In the end, this is the point of this time to see: to emerge a better person, to become a better people. Pope Francis says: “The basic rule of a crisis is that you don’t come out of it the same. If you get through it, you come out better or worse, but never the same (page 1).” He then says: “This is a moment to dream big, to rethink our priorities — what we value, what we want, what we seek — and to commit to act in our daily lives on what we have dreamed of (page 6).” Pope Francis warns that for too long we have neglected our relationships with God, with creation, and with each other. And we’re paying the price. But this, he says, is our “Noah moment (cf. page 15).” In the midst of this crisis of our own making, there is an ark filled with hope and the promise of better days — “as long as we can find our way to the Ark of the ties that unite us: of love, and of a common belonging (page 14).” May this be our “Noah moment!” May this be our time to see! Glory to the Father, to the Son, and to the Holy Spirit; as it was in the beginning, is now, and will be forever. Amen.
- Listen Now: Episode 1: Open Your Eyes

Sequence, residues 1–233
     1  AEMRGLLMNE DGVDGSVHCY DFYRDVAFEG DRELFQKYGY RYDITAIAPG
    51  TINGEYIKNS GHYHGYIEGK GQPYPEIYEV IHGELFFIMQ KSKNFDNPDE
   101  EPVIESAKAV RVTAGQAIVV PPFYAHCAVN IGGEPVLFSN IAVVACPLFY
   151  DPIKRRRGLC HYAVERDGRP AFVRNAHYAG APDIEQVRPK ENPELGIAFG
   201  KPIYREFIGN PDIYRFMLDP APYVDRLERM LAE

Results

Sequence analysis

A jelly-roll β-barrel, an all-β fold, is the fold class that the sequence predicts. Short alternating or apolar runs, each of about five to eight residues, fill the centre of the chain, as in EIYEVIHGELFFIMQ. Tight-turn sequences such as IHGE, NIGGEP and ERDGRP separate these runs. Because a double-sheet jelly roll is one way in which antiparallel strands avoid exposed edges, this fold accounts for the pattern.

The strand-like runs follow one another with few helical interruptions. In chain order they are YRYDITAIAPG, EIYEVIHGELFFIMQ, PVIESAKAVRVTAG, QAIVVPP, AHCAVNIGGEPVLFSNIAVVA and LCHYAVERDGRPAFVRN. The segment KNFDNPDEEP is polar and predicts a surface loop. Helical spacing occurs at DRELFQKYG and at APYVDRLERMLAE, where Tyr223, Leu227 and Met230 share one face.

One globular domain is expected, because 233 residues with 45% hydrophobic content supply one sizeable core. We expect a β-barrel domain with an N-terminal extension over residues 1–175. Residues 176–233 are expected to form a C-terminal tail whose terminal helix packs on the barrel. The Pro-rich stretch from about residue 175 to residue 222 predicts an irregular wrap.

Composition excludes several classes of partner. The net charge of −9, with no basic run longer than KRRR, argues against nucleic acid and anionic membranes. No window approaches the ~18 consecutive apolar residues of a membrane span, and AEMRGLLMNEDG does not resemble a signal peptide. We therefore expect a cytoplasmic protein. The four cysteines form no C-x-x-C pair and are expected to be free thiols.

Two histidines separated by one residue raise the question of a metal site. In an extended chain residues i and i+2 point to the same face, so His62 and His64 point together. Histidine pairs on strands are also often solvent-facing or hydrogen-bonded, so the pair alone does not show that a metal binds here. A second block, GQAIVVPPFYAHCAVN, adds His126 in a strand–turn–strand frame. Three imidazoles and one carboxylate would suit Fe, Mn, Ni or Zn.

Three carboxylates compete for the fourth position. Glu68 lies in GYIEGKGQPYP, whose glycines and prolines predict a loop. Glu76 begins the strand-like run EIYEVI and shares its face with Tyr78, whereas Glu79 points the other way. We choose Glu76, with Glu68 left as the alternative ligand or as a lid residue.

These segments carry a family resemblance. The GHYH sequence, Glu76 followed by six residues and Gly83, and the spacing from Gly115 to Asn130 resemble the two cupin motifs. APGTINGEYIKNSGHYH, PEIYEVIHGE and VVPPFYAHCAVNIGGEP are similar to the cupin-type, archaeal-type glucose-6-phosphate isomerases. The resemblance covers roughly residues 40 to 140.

- Listen Now: Episode 2: What Comes from God
- Listen Now: Episode 3: No One Is Saved Alone
- Listen Now: Episode 4: Our Greatest Power
About the Presenter
Cliff Garvey is a co-founder of the Assisi Project. He is a graduate of the University of Southern Maine, Saint John Seminary College, and the Catholic University of America. Cliff is a writer, spiritual director, retreat leader, and university lecturer. He also serves as Associate Minister of the Catholic Community of Gloucester & Rockport in Massachusetts where his ministry focuses on adult faith formation. Thank you for listening to Let Us Dream: A Virtual Retreat with Pope Francis. These audio recordings are produced by the Assisi Project, Inc. For more information about the Assisi Project: A Fellowship of Franciscans in Spirit and our ministries for adults of all ages and backgrounds, please contact Cliff at email@example.com. Copyright 2021. All rights reserved. May the Lord give you peace!
Art Credit: Robert Harding – Alamy Stock Photo
Founded in 2007, the Assisi Project is a Fellowship of Franciscans in Spirit with friends and followers throughout the world. We are dedicated to helping Christian believers of all ages more faithfully live the Gospel of Christ in the spirit of Saint Francis and Saint Clare of Assisi. The Assisi Project is a non-profit, tax exempt charitable organization. All are welcome to support our ministry via PayPal or AmazonSmile (links below); or by sending a tax-deductible donation to the Assisi Project, Post Office Box 3158, Gloucester, Massachusetts 01931-3158. For more information about the Assisi Project and our upcoming opportunities for formation, prayer, and pilgrimage, please contact Cliff Garvey at firstname.lastname@example.org. May the Lord give you peace!